Globalisation And Sustainability
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The Importance of Government Sidney Rua Student #: 990129213 Frasier Valentine POL103Y1 April 10, 2000 The world was once vast and unknown. Communication was once dreaded as messages would take exceeded amounts of time from one point of destination to the next. Countries would not know of each otherÐŽ¦s affairs for months because the world was large beyond anyoneÐŽ¦s imagination. But as soon as technology reared its head the world rapidly became smaller. It modified everything within its grasp. Communication that once took months could now take seconds. Travelling abroad that would have taken years now took hours. Every institution that fell into this form of globalisation changed. It is obvious to see that governments have also been effected by globalisation in such ways that they can either imitate or contrast with each other. Yet a controversy exists about the issue on the effect of globalisation on governmental power. On one side of the argument globalisation is considered as a force that weakens the power of government whereas others debate the contrary, claiming that there is no effect and power remains constant. Still both arguments fail because of the extremity that they impose. A better argument would be that globalisation does effect government power, not to the point of weakening, but ensuring that no abuse of power occurs unknowingly. Globalisation is simply a tool that enables the actions of governments to be monitored by other countries and world organisations. With comparison of Australian and Canadian environmental policy, it will be clear that actions taken by the government have been influenced (not controlled) by globalisation. The idea of the world becoming a small interactive village is what many would consider the effect of globalisation. Boundaries are no longer an issue and can be crossed with an easy click of the mouse. But globalisation is far from being a new concept that came along with technology. It has existed since humans have had curiosity. The exploring of new lands, the discovery of new peoples and nations, to the fascination of natureÐŽ¦s physical features, people have been in the process of globalisation for centuries. Technology had simply allowed globalisation to progress a little more rapidly than what it had accomplished in the past. Although it seems that globalisation brings promise of a unified Utopian society this is far from becoming the truth. TodayÐŽ¦s world is based on the market. The selling of goods and services to the consumer to gain profit. Therefore globalisation has become the expansion of the market place with greater opportunities for production and trade in new locations.1 Relations are established between nations, not for the mere satisfaction of peace, but for the insurance that a trading partner exists where profit can be gained. This motivation from profit leads to the element of the manufacturing process. In order to achieve maximum profit corporations need to spend less in producing a product. They go about this through means of cheap energy fuel (usually fossil fuels like coal), low labour wages, and cutting costs in waste disposal. For an exceeded amount of time corporations have been able to escape the clutches of the law because it was seen that damage to the environment was a small price to pay in exchange for high profits. For instance abuse to the Canadian forests in the past two centuries has led to a large proportion of it being cut, 8 000 kilometres long and hundreds of kilometres wide.2 When large damage has been inflicted only then will peopleÐŽ¦s concerns be aroused. Governments then needed to intervene, to steer corporations from inflicting anymore damage to resources and environment. Canadian government had only made environmental policy a main concern since 1985. It was in the Ontario provincial election where pollution was made a significant issue. This was the first time ever that the issue of pollution was made a priority. Ever since the topic of concern for pollution has been maintained by both provincial and federal institutions.3 Australia on the other hand began its involvement on the issue in 1980. It was in this year that the World Conservation Strategy was published and the country took it upon itself to formulate a similar document that would help enforce the idea of sustainable environment throughout the nation.4 Although government intervention seems to guarantee some progress towards sustainability the idea of globalisation alters the desired effects. World trade allows the cheapest producer to gain maximum profits. Competition for profits is then always present. In order for competition to exist all producers must somehow keep product costs low while maintaining or increasing product output. If legislation is passed within a country that holds a corporation responsible for destruction to the environment by means of their waste, corporations can still outrun any consequences from their actions. It is difficult to prosecute institutions because they are essential.5 They provide jobs, goods and services, and distribute money towards many organisations. The industry allows economy to prosper as well as many citizens that partake in the production and consumption of the goods. The destruction of the environment is seen as irrelevant to the benefits of cash profit that the industry brings. What corporations fail to observe is the future outlook. The concern is only on maximum exploitation for maximum gain. No corporation has interest in conservation because of the mentality of whatever is left by a corporation will simply be used by a competitor.6 Yet the immediate gains will not always be present because sooner or later resources will be exhausted and there will then be a failure to produce, soon followed by a collapse within the industry production and profit. Sustainability will ensure that resources can be reserved as well as allowing time for some replenishment. It is for this reason that governments have decided to be involved, for a fall in industry would lead to a fall in the economy and the welfare of the state. Canada and Australia share the same vision when it comes to sustainability. Both understand that environmental policy is essential to maintain a prosperous nation. There has been a similar vision on the purpose of developing environmental policy. The development is to allow (i) multiple times scales in which the present is considered as well as the near and farther future; (ii) effect on various dimensions of social life where economy, environment, and social equity are viewed as equal; and (iii) diverse social and ecological scales where region and locality are a concern as well as the global nation.7 All three aspects are to produce an ecologically balanced society, with stable institutions designed to assure equilibrium within tolerances that the natural environment can support.8 This is much easier said than done. The event of there being total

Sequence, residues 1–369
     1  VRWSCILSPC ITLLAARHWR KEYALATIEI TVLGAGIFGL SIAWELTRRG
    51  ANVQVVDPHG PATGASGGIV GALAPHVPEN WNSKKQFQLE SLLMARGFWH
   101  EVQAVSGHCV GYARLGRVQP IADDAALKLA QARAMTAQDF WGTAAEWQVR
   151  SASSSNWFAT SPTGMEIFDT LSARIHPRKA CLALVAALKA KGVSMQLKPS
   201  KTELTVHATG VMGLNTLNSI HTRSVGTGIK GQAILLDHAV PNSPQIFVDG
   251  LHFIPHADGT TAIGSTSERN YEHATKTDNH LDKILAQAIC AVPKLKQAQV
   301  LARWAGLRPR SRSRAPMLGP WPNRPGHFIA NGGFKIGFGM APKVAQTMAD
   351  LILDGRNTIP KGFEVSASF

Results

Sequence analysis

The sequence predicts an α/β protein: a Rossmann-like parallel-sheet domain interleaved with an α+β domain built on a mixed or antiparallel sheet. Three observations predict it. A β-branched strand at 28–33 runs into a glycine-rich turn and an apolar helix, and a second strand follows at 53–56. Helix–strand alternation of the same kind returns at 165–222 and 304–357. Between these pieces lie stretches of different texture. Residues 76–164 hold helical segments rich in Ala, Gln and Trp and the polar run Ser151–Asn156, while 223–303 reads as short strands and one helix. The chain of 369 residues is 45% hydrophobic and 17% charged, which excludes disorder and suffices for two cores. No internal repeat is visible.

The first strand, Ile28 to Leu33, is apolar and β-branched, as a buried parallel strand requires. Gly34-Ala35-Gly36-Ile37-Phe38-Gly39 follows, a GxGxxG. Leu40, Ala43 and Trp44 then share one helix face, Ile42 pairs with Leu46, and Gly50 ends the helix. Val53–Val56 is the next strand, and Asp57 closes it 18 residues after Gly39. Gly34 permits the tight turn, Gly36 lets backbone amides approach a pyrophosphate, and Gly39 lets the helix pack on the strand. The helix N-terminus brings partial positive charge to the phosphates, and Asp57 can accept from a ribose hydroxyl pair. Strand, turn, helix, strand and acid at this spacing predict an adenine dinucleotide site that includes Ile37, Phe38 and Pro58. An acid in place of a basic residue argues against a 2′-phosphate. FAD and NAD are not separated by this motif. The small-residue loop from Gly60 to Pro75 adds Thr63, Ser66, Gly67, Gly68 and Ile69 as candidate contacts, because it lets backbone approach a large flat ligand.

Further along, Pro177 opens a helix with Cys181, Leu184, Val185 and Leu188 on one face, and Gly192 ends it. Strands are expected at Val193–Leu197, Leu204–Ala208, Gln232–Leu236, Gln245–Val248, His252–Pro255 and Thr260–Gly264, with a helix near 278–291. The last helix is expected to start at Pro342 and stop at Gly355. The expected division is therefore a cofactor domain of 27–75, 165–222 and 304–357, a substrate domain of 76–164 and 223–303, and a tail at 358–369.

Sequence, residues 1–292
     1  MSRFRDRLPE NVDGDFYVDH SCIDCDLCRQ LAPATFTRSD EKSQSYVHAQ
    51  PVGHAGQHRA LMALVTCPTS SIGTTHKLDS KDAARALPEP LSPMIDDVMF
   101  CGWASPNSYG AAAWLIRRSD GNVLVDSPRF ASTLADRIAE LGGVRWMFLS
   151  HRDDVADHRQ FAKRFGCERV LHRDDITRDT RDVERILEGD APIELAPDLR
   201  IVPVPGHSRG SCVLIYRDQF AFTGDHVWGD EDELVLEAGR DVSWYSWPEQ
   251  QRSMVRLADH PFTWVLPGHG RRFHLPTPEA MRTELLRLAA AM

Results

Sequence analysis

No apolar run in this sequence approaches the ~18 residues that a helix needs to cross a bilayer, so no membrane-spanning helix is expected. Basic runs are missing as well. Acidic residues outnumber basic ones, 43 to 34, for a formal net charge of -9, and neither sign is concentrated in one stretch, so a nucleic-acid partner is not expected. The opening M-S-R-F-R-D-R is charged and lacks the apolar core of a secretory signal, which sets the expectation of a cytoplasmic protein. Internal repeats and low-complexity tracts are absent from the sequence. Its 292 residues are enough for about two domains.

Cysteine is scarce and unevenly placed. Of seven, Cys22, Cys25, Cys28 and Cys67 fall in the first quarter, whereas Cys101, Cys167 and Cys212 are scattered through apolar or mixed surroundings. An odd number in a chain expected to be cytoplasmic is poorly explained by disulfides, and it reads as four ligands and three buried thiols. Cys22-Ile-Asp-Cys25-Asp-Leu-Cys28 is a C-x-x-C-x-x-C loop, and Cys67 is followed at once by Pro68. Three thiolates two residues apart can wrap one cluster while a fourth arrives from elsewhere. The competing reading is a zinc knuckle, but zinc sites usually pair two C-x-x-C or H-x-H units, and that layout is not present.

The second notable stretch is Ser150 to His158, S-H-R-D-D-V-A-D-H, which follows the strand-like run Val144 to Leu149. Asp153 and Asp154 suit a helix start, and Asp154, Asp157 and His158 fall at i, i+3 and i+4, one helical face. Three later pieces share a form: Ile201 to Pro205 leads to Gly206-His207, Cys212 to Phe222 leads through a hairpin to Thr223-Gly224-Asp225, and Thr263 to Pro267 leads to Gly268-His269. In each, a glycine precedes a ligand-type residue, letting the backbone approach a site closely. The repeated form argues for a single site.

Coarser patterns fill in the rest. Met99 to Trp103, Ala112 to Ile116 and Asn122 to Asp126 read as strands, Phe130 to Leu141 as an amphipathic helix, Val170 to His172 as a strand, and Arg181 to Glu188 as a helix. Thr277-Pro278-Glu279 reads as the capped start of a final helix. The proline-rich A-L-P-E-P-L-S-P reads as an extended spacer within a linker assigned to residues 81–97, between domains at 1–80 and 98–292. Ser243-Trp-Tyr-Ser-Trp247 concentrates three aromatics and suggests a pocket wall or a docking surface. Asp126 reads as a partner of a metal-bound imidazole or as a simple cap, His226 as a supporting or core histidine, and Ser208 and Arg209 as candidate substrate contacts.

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Importance Of Government Sidney Rua Student And Maximum Profit Corporations. (April 3, 2021). Retrieved from